Drug development is being pursued through computer-aided structure-based design. For de novo lead generation, the BOMB program builds combinatorial libraries in a protein binding site using a selected core and substituents, and QikProp is applied to filter all designed molecules to ensure that they have drug-like structures and properties. Monte Carlo/free-energy perturbation simulations are then executed to refine the predictions for the best scoring leads including ca. 1000 explicit water molecules and extensive sampling for the protein and ligand. FEP calculations for optimization of substituents on an aromatic ring and for choice of heterocycles are now common. Alternatively, docking with Glide is performed with the ZINC database to provide leads, which are then optimized via the FEP-guided route. Successful application has been achieved for HIV reverse transcriptase, FGFR1 kinase, and macrophage migration inhibitory factor (MIF); micromolar leads have been rapidly advanced to extraordinarily potent inhibitors.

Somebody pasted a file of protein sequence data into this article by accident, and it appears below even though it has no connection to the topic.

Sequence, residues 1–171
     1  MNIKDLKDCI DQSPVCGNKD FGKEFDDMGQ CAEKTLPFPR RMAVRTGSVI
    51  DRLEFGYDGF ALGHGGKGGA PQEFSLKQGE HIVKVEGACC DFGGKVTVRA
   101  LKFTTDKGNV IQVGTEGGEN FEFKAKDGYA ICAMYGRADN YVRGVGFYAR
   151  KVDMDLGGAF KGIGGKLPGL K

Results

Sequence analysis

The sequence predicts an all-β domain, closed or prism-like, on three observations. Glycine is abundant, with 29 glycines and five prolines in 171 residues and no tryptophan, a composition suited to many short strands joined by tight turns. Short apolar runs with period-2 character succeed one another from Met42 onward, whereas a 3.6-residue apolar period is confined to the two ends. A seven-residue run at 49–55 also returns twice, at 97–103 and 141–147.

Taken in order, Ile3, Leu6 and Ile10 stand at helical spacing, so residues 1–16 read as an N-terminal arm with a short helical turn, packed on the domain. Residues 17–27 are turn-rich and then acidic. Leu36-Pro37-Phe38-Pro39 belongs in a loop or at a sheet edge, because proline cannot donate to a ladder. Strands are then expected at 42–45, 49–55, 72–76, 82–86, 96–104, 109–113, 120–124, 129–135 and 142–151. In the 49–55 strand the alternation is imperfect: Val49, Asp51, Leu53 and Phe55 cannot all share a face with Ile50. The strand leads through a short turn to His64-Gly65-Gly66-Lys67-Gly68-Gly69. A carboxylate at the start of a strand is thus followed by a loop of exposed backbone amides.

1) Efficient Drug Lead Discovery and Optimization. Jorgensen, W. L. Acc. Chem. Res. 2009, 42, 724-733.
2) Eastern extension of azoles as non-nucleoside inhibitors of HIV-1 reverse transcriptase; cyano group alternatives. Leung, C. S.; Zeevaart, J. G.; Domaoal, R. A.; Bollini, M.; Thakur, V. V.; Spasov, K.; Anderson, K. S.; Jorgensen, W. L.; Bioorg. Med. Chem. Lett. 2010, 20, 2485-2488.
3) Optimization of N-benzyl-benzoxazol-2-ones as receptor antagonists of macrophage migration inhibitory factor (MIF). Hare, A. A.; Leng, L.; Gandavadi, S.; Du, X.; Cournia, Z. ; Bucala, R. ; Jorgensen, W. L.; Bioorg. Med. Chem. Lett. 2010, 20, 5811-5814.
4) Discovery of Novel FGFR1 Kinase Inhibitors by Structure-Based Virtual Screening. Ravindranathan, K. P.; Mandiyan, V.; Ekkati, A. R.; Bae, J. H.; Schlessinger, J.; Jorgensen, W. L.; J. Med. Chem. 2010, 53, 1662-1672.
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